Invasive Species Compendium

Detailed coverage of invasive species threatening livelihoods and the environment worldwide

Abstract

Predicting pasture and forest landowner intention to create early successional habitat.

Abstract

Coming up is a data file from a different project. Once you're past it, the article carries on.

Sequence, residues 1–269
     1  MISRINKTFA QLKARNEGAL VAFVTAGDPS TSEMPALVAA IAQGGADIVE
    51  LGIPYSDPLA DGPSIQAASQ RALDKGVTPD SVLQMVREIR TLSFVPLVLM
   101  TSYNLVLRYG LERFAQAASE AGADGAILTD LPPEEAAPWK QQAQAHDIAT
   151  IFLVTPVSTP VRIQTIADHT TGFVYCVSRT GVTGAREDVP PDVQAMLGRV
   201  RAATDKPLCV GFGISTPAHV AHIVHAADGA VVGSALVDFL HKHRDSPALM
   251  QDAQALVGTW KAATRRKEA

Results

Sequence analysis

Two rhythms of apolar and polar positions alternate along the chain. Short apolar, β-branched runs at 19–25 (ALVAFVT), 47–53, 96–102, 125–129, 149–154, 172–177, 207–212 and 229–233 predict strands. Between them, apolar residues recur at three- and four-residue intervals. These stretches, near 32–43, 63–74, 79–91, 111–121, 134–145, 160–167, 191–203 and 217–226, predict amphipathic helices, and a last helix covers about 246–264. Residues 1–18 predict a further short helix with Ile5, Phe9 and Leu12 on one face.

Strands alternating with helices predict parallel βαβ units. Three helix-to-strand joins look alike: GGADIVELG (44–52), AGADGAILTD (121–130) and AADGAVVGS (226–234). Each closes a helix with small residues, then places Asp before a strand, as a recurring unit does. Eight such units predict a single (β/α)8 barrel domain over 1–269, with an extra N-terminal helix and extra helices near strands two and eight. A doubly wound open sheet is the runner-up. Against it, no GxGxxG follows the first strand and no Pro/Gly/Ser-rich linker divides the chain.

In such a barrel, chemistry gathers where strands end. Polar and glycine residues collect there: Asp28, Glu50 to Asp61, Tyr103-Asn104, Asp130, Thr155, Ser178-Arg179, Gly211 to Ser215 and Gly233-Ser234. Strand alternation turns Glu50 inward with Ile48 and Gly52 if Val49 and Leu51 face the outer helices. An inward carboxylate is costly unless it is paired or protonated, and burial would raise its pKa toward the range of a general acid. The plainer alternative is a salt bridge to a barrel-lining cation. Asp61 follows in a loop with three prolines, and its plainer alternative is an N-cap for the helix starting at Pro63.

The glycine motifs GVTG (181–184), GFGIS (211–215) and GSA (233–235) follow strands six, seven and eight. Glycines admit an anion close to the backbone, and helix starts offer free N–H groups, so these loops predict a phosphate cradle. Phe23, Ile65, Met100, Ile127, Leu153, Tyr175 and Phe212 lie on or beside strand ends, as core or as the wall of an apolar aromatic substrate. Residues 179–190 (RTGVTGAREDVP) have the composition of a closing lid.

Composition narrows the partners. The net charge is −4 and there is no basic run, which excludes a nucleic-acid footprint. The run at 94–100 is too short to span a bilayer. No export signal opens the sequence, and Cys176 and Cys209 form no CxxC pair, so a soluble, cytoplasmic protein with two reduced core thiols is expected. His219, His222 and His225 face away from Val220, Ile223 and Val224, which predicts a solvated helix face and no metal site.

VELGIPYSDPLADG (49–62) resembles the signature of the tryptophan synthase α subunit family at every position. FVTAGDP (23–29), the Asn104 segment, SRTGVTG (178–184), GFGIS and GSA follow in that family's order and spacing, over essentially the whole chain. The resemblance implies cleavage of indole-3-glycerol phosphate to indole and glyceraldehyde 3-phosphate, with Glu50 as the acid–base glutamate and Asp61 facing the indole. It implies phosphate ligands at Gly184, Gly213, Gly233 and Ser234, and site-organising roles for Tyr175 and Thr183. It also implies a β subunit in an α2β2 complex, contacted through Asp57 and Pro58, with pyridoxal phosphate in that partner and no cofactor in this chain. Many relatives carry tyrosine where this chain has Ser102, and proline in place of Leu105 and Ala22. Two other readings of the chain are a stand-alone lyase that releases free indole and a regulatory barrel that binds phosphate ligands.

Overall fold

As human land uses expand across the landscape, the management practices of private landowners are an essential part of effective conservation. Early successional habitats (ESH) and the species that depend on them are a priority in the eastern United States, and efforts to create ESH on private lands has primarily focused on forest landowners and timber harvests. Private pasture lands in a forested landscape present an additional opportunity to create and maintain ESH, yet our understanding of landowner values and attitudes about management strategies in pastures is lacking. To address this, we surveyed private landowners in 5 Virginia counties who own ≥10.1 ha at >610 m elevation (n = 503). Our primary objective was to understand how a variety of factors such as landowner values, past experience with habitat management, and perceived barriers to carrying out habitat management are associated with private landowner intention to carry out 7 ESH management strategies (i.e., reduced mowing, reduced grazing, timber harvests within forest, timber harvests at a field-forest border, prescribed fire, use of machinery, and use of herbicides to control invasive species) for the benefit of wildlife in the next 5 years. We used boosted regression trees to determine which factors best predicted the intention to carry out each management strategy. We were able to predict accuracy >75% of the time for landowner intention to engage in open pasture and timber management strategies. Landowner values were not consistent across the different management strategies; landowners likely to reduce mowing or grazing valued ecological aspects of their land (e.g., pollinator habitat, water quality), whereas landowners likely to harvest timber valued hunting and revenue. Past experience with wildlife management was the strongest predictor of likelihood to reduce mowing and grazing. Our results suggest that expanding outreach efforts to include pasture management options would engage a broader set of landowners in creating ESH, especially if such efforts highlighted the benefits to pollinator species, water quality, and enhanced opportunities for hunting and other types of recreation.